New temple palace discovered at Ramses II's temple in Upper Egypt's Sohag
'The new discovery will change, for the first time, the plan of the temple more than 160 years since its discovery,' said the secretary general of the Supreme Council of Antiquities
The discovery was made by the New York University mission, directed by Sameh Iskander.
"It is a very important discovery which will change, for the first time, the plan of the temple more than 160 years since its discovery," said Mostafa Waziri, secretary general of the Supreme Council of Antiquities.
He describes the new discovery as "an important contribution to our understanding of the development of the temple palaces during the Ramesside period."
The location and layout of the palace exhibits a noteworthy parallel to the temple palace of Ramses II's father Seti I in Abydos some 300 metres to the south.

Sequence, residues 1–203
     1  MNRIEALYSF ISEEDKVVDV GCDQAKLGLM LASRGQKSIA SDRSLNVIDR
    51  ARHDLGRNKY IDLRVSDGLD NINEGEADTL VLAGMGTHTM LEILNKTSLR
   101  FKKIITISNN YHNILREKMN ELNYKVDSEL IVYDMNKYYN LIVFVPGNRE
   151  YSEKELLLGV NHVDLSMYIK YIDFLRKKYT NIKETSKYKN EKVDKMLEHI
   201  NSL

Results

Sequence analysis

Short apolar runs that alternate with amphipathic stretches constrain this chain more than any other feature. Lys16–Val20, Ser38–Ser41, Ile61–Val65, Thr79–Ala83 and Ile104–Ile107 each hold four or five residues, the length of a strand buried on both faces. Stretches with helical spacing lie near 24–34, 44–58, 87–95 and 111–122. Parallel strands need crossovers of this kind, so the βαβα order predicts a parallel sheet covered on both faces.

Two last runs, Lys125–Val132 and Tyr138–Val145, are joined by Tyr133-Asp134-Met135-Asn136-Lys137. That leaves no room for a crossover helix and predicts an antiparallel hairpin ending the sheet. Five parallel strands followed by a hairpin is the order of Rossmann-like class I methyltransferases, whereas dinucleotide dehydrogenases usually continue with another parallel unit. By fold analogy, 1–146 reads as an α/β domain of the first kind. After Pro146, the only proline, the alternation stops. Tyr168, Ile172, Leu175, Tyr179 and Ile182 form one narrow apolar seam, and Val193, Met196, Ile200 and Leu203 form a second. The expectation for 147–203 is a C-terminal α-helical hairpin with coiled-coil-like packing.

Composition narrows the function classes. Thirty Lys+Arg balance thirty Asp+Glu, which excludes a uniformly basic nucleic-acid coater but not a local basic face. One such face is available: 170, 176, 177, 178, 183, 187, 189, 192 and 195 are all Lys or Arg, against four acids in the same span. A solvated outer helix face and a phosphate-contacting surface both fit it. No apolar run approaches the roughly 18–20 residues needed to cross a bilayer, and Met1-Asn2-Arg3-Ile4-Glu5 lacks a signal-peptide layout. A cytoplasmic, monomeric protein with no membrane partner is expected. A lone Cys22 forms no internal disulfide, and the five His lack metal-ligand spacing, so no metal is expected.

During the work of the mission around the temple to recover the architectural elements south of the temple, Iskander told Ahram Online, the mission accidently stumbled upon a stone walkway at the south-western door of a temple.
This walkway led to an entrance of a palace building that contains the cartouches of Ramses II.
He explained that the walls are built of limestone and mud brick, the floors are made of limestone, and the temple's second hall has a sandstone column base and lintels with inscriptions of the king. Other fragments decorated with stars were found.
Ayman Ashmawi, head of the Ancient Egyptian Antiquities Department, stated that the temple foundation inscriptions have an extremely rare depiction of Ramses II's cartouches.
They appear on all four corners of the temple, showing Ramses II's birth and throne names painted in a golden colour. They are surmounted with double feathers with a sun disk in between, and beneath them a decorative gold sign.
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